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Springfield mail processing center to consolidate with KC office

Posted online
Last edited 12:38 p.m., Feb. 23, 2012

The U.S. Postal Service has decided to consolidate the Springfield mail processing center at 500 W. Chestnut Expressway with a Kansas City branch, a move expected to save the postal service more than $7.5 million a year.

“The decision to consolidate mail processing facilities recognizes the urgent need to reduce the size of the national mail processing network to eliminate costly underutilized infrastructure,” USPS Chief Operating Officer Megan Brennan said in a news release. “Consolidating operations is necessary if the postal service is to remain viable to provide mail service to the nation.”

Dates for the transition have not been announced, but once operations are transferred, Springfield processing operations would cease. Until such a time, services will continue as normal, the release said. According to Springfield Business Journal archives, the consolidation move would eliminate 57 local jobs. Retail operations would continue at the West Chestnut Expressway branch.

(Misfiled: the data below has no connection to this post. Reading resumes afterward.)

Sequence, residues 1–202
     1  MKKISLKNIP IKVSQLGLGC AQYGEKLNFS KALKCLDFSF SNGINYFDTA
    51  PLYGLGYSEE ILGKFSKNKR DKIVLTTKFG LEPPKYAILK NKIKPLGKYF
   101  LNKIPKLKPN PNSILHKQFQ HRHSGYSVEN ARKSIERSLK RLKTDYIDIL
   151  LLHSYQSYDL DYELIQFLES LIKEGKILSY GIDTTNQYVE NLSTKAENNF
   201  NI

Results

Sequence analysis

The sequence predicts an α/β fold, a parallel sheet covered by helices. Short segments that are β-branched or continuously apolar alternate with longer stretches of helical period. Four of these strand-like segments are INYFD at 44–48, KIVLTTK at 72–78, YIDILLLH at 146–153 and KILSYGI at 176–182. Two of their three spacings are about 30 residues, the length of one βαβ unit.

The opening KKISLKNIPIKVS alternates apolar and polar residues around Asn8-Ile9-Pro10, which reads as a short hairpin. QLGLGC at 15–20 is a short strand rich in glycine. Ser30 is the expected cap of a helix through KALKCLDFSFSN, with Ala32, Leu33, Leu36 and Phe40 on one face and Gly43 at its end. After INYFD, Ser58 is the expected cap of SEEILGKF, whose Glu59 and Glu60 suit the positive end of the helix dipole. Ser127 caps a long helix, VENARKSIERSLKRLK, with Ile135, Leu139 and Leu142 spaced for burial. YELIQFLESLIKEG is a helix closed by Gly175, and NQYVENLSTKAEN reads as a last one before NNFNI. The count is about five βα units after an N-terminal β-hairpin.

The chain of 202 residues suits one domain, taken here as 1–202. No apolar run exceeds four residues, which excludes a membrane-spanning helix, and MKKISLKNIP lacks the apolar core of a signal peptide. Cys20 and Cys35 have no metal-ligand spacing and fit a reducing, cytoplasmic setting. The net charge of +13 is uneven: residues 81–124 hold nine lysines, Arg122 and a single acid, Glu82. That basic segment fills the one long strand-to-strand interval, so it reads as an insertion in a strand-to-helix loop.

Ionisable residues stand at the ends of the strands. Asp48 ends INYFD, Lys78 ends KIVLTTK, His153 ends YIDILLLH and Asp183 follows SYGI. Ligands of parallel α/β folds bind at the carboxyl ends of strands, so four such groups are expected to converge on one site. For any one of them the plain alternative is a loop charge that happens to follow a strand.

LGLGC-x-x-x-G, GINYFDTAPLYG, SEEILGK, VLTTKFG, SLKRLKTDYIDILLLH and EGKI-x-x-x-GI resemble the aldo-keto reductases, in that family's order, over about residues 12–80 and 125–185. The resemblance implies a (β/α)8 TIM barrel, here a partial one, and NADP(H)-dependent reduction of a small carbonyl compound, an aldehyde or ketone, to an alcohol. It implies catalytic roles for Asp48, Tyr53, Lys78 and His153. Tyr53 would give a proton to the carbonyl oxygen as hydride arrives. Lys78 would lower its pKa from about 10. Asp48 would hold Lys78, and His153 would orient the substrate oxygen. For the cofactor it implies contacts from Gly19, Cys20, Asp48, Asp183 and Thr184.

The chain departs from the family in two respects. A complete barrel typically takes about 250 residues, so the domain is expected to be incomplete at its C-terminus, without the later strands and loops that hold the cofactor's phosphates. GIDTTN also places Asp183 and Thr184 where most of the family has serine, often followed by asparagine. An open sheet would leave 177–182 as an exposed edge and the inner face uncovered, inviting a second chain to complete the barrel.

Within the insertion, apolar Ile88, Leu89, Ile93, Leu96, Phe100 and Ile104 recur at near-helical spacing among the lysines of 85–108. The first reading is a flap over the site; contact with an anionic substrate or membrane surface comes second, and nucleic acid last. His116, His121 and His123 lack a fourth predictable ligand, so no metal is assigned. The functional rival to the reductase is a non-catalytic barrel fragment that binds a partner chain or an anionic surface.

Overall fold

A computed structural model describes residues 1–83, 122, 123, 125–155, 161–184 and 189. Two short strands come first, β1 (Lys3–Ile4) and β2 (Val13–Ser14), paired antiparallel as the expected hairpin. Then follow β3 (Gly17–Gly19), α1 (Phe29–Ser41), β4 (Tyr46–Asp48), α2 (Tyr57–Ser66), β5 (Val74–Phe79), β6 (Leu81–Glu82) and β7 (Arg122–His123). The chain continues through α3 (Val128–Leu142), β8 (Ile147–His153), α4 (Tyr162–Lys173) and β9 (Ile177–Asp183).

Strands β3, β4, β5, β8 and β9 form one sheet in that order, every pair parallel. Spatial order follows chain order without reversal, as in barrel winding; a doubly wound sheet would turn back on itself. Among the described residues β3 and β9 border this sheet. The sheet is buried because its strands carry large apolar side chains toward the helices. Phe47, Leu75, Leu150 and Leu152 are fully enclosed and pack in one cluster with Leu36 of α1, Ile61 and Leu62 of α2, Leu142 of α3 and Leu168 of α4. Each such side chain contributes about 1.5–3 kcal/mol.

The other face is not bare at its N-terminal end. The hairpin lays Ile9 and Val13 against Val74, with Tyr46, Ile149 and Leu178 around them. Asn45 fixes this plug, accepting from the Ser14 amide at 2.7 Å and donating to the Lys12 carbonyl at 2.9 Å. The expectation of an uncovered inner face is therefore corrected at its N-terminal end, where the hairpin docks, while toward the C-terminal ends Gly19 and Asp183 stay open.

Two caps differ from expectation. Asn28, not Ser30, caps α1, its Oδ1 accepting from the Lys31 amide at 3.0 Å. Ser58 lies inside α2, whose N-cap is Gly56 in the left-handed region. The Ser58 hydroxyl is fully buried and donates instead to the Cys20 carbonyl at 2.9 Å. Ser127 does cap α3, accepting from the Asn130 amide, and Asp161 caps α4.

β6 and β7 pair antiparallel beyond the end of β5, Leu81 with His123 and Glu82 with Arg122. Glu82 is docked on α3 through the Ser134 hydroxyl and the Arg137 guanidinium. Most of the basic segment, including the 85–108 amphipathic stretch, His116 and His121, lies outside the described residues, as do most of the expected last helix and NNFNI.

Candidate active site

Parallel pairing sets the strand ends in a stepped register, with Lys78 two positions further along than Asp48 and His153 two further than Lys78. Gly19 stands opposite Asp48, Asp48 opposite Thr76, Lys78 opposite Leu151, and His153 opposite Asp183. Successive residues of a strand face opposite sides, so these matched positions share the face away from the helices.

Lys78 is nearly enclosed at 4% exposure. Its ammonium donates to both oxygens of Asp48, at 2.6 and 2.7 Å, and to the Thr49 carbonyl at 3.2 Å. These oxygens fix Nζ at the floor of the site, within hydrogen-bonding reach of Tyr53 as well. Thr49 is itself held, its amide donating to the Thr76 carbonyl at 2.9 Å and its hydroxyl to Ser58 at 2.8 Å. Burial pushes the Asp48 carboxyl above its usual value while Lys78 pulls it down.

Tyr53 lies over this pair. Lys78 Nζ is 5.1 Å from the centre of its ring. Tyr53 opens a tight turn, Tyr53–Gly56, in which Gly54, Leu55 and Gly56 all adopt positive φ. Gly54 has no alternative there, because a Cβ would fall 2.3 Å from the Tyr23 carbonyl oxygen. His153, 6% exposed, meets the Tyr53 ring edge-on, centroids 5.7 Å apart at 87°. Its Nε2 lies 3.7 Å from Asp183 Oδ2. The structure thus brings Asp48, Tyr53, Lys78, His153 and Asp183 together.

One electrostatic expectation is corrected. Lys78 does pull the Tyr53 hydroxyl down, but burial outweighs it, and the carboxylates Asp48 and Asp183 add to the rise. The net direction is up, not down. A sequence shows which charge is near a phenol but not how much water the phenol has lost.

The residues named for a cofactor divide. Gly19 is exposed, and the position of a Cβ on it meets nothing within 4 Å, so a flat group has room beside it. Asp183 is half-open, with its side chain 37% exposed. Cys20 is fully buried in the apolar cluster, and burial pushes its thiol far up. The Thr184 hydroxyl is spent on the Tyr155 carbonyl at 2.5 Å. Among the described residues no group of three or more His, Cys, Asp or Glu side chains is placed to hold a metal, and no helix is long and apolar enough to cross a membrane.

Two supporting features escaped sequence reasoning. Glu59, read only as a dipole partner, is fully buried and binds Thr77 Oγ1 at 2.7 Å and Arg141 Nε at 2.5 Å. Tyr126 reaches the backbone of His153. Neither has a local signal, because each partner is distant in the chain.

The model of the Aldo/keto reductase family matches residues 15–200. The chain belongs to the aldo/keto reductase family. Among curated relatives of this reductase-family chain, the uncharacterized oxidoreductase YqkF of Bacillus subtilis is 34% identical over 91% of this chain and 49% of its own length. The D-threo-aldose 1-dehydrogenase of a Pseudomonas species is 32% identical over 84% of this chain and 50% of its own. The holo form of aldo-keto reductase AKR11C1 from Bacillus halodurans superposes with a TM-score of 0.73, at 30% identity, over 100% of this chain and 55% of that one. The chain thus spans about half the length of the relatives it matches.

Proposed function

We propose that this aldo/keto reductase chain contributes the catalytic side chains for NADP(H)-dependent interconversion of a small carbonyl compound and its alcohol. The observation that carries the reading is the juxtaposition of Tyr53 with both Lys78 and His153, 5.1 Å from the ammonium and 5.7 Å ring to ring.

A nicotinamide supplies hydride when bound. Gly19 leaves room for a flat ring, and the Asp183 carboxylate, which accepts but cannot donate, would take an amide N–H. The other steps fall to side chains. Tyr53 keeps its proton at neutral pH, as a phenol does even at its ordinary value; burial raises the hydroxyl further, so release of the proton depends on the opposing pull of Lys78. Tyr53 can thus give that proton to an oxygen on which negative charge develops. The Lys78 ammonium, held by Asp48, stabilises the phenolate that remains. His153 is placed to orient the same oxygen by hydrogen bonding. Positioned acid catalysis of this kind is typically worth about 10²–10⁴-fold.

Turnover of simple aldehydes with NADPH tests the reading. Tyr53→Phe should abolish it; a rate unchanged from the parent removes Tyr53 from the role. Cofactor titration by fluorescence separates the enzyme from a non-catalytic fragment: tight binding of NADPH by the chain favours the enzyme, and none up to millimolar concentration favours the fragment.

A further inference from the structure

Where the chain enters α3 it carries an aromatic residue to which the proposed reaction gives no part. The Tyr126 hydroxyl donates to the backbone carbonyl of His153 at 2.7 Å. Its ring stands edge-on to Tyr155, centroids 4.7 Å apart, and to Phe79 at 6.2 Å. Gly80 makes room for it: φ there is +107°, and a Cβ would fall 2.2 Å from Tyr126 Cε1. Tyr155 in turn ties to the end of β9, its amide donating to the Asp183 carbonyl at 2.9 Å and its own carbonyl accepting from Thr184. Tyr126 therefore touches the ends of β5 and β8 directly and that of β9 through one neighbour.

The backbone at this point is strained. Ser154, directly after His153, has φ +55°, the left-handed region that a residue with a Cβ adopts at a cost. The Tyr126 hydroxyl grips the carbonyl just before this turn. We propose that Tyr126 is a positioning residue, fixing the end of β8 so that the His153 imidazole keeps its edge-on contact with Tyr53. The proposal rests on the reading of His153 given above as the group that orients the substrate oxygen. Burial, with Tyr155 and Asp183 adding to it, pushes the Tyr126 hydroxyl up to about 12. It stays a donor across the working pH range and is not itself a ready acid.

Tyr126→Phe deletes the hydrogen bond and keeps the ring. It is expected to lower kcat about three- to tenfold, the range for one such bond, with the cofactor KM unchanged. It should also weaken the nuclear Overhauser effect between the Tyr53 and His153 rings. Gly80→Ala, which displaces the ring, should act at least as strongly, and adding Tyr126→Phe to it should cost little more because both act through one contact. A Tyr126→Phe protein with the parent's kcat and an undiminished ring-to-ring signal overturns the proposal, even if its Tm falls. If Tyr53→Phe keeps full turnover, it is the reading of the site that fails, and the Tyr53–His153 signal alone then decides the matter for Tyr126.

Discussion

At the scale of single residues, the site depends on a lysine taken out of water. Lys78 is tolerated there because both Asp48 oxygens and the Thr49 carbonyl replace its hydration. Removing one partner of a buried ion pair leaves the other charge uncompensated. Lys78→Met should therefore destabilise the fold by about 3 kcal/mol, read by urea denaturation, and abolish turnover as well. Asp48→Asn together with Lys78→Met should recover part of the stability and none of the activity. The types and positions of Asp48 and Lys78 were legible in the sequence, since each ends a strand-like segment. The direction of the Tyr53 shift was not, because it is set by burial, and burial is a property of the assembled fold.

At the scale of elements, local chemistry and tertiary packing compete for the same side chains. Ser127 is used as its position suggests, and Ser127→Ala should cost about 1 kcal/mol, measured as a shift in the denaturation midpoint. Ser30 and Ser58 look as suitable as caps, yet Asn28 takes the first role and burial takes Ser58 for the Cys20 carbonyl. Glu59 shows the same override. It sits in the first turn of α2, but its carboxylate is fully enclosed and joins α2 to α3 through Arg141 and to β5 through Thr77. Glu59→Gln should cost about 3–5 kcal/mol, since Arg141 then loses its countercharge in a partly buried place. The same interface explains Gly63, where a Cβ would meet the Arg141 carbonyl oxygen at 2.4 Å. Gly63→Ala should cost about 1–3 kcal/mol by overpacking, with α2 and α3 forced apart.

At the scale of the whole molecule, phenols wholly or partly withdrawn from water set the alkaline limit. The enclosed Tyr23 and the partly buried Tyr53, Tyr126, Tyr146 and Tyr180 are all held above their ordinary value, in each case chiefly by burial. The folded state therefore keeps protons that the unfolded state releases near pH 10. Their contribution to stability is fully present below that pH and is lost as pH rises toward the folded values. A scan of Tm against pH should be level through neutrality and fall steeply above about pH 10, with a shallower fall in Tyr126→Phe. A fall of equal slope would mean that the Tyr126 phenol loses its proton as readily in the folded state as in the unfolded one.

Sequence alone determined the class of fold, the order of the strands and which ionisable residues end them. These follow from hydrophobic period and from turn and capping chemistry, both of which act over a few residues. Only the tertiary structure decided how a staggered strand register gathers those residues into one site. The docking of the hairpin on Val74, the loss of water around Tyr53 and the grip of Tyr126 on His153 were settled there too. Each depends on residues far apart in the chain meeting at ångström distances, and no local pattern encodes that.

In December, the postal service agreed to a moratorium on closing or consolidating the processing centers - as well as 3,600 low activity post offices - prior to May 15. The early notice has left room for Congress to approve measures that could potentially remove the need for the USPS to consolidate or close roughly 250 processing centers nationwide.

"Implementation of this consolidation is contingent upon the outcome of pending rulemaking for a proposal to revise existing service standards. This announcement is provided in advance so that appropriate planning and notification can be made in accordance with existing employee agreements," the news release reads.

If processing operations in Springfield cease, the USPS expects first-class postage mailed within the city would take two to three days.

The USPS also announced it will consolidate the Cape Girardeau processing center with one in St. Louis.

In September, the USPS announced it would consider the closures, saying it has faced a significant decline in first-class mail volume in the last decade. Last week, an updated five-year plan was submitted to Congress that calls for raising the cost of first-class stamps 11 percent to 50 cents and adopting a new USPS-administered health care program, among other provisions. Proposed cost-cutting measures call for a $20 billion reduction in annual costs by 2015, rising to more than $22 billion by 2016.
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